History buffs can stroll near the spot where legend has it Julius Caesar met his bloody end, when Roman authorities opened a new gate to the ancient site on Tuesday.
The accounts, embellished by William Shakespeare, tell of how the Roman dictator was stabbed to death by a group of afflicted senators at the Ides on March 15 – March 15 – in 44 BC.
According to tradition, he died in Plaza Largo Argentina in the center of the capital – which houses the remains of four temples.
All are currently below street level and until recently could only be seen behind barriers near a busy road junction.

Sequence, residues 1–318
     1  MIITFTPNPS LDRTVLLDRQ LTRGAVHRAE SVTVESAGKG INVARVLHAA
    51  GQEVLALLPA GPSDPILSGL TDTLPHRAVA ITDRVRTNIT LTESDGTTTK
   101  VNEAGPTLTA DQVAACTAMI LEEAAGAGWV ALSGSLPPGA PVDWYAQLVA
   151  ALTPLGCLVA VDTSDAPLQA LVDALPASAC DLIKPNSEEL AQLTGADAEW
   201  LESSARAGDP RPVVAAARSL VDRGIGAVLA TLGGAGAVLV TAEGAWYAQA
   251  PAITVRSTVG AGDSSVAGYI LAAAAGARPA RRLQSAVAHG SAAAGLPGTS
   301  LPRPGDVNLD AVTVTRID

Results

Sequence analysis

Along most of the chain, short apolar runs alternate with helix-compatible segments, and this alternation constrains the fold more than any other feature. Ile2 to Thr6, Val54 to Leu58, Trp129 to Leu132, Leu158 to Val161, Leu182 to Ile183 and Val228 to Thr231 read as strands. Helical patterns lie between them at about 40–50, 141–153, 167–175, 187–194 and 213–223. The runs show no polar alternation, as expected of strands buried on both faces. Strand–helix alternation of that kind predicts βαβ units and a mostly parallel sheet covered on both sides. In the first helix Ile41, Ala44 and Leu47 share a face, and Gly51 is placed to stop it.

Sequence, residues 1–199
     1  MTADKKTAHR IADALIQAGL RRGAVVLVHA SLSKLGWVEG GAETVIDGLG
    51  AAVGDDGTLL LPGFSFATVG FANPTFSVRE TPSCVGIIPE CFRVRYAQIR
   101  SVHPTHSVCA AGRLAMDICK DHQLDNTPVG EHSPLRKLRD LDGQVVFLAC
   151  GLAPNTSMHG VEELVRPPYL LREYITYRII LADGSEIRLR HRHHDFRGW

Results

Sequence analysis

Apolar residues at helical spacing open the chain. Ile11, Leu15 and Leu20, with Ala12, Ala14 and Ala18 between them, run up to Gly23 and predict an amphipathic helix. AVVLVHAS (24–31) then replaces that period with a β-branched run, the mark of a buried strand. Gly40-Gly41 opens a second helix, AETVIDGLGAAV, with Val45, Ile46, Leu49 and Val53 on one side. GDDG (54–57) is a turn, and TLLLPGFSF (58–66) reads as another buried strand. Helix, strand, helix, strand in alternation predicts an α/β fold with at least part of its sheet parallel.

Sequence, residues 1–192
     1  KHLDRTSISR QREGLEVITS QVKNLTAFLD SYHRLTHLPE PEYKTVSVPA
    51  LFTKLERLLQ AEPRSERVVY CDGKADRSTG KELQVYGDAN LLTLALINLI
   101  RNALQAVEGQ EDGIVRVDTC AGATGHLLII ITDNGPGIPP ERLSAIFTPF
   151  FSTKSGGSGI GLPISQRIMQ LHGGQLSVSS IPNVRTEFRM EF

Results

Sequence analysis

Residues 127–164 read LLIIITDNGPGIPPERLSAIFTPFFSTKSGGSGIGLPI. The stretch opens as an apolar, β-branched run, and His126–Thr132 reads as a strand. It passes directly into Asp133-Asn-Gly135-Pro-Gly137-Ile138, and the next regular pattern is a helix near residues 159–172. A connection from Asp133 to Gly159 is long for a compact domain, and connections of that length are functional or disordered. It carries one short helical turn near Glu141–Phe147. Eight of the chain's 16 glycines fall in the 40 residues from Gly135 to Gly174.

Starting Tuesday, visitors will be able to tour the site at ground level on the walkway and see the structures up close.
Italian fashion house Bulgari funded the work on a site that was first discovered and excavated during construction work in Rome in the 1920s.
The area – near where Caesar is supposed to have exclaimed “Et tu, Brute?” He also saw his friend Brutus among his kills – today it’s also home to a feral cat sanctuary.
Non-residents will pay €5 ($5.50) to visit.
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